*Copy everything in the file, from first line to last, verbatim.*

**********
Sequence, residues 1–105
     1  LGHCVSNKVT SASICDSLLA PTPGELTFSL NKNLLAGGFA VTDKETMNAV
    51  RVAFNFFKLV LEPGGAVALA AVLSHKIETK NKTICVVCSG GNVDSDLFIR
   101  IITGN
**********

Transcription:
Sequence, residues 1–105
     1  LGHCVSNKVT SASICDSLLA PTPGELTFSL NKNLLAGGFA VTDKETMNAV
    51  RVAFNFFKLV LEPGGAVALA AVLSHKIETK NKTICVVCSG GNVDSDLFIR
   101  IITGN